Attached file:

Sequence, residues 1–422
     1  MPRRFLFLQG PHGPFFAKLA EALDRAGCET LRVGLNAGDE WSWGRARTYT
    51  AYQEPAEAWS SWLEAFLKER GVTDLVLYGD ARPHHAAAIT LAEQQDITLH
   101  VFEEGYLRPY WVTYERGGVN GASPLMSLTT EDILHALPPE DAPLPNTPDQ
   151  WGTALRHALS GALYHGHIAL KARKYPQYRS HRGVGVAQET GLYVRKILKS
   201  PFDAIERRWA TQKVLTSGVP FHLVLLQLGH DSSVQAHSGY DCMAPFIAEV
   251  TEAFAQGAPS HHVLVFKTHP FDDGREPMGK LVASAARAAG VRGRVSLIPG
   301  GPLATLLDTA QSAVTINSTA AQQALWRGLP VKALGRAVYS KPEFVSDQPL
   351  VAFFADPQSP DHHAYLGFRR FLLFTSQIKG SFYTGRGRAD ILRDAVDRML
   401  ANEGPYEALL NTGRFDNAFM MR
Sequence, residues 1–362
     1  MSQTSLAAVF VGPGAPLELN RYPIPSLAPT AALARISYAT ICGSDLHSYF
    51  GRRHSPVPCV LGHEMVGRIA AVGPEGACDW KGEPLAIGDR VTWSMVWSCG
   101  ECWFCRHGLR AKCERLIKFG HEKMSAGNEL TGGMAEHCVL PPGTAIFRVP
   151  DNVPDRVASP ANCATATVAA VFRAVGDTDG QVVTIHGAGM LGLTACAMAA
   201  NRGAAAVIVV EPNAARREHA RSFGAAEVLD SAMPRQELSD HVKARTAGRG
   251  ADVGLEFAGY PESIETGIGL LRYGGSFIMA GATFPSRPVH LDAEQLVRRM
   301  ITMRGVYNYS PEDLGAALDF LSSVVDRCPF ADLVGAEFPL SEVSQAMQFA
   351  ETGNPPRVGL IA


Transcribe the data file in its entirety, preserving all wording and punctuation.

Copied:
Sequence, residues 1–422
     1  MPRRFLFLQG PHGPFFAKLA EALDRAGCET LRVGLNAGDE WSWGRARTYT
    51  AYQEPAEAWS SWLEAFLKER GVTDLVLYGD ARPHHAAAIT LAEQQDITLH
   101  VFEEGYLRPY WVTYERGGVN GASPLMSLTT EDILHALPPE DAPLPNTPDQ
   151  WGTALRHALS GALYHGHIAL KARKYPQYRS HRGVGVAQET GLYVRKILKS
   201  PFDAIERRWA TQKVLTSGVP FHLVLLQLGH DSSVQAHSGY DCMAPFIAEV
   251  TEAFAQGAPS HHVLVFKTHP FDDGREPMGK LVASAARAAG VRGRVSLIPG
   301  GPLATLLDTA QSAVTINSTA AQQALWRGLP VKALGRAVYS KPEFVSDQPL
   351  VAFFADPQSP DHHAYLGFRR FLLFTSQIKG SFYTGRGRAD ILRDAVDRML
   401  ANEGPYEALL NTGRFDNAFM MR
Sequence, residues 1–362
     1  MSQTSLAAVF VGPGAPLELN RYPIPSLAPT AALARISYAT ICGSDLHSYF
    51  GRRHSPVPCV LGHEMVGRIA AVGPEGACDW KGEPLAIGDR VTWSMVWSCG
   101  ECWFCRHGLR AKCERLIKFG HEKMSAGNEL TGGMAEHCVL PPGTAIFRVP
   151  DNVPDRVASP ANCATATVAA VFRAVGDTDG QVVTIHGAGM LGLTACAMAA
   201  NRGAAAVIVV EPNAARREHA RSFGAAEVLD SAMPRQELSD HVKARTAGRG
   251  ADVGLEFAGY PESIETGIGL LRYGGSFIMA GATFPSRPVH LDAEQLVRRM
   301  ITMRGVYNYS PEDLGAALDF LSSVVDRCPF ADLVGAEFPL SEVSQAMQFA
   351  ETGNPPRVGL IA